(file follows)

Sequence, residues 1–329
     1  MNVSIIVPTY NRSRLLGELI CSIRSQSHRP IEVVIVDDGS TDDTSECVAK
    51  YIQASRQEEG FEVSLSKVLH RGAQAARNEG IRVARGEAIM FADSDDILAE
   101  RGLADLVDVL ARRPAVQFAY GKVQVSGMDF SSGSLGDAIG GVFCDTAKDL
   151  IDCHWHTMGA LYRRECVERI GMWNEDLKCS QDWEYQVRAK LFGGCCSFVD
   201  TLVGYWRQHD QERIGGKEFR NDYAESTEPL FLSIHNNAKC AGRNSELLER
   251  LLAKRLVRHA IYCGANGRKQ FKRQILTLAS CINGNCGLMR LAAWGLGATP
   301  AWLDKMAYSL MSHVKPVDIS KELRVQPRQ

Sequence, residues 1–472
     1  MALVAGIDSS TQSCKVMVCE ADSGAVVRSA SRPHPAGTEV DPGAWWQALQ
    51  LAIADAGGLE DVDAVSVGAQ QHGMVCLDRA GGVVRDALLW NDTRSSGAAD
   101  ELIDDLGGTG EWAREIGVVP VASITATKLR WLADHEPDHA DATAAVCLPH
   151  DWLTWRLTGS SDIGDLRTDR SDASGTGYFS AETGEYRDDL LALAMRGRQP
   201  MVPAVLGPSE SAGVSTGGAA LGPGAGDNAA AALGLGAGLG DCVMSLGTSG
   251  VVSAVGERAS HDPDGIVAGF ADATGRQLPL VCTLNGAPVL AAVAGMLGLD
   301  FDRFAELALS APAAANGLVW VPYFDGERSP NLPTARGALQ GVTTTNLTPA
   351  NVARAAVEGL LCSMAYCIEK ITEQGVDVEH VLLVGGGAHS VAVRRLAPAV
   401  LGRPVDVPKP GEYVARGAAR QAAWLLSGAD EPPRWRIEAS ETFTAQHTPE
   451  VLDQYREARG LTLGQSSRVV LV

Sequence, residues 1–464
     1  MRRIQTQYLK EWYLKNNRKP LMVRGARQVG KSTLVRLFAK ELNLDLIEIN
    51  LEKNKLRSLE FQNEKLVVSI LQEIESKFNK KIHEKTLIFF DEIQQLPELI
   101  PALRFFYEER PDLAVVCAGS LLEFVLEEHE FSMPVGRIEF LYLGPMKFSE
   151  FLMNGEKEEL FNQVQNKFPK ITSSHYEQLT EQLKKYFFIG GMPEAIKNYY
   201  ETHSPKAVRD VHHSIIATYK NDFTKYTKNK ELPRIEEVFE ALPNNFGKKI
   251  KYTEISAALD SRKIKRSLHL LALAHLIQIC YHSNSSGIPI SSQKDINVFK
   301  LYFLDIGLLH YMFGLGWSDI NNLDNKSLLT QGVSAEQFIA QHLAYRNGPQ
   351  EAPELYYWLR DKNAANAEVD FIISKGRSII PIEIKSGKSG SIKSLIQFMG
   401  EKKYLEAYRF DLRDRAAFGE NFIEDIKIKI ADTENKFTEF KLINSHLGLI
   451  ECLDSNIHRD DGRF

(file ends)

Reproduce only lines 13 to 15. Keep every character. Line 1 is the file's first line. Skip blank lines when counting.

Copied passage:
   151  DWLTWRLTGS SDIGDLRTDR SDASGTGYFS AETGEYRDDL LALAMRGRQP
   201  MVPAVLGPSE SAGVSTGGAA LGPGAGDNAA AALGLGAGLG DCVMSLGTSG
   251  VVSAVGERAS HDPDGIVAGF ADATGRQLPL VCTLNGAPVL AAVAGMLGLD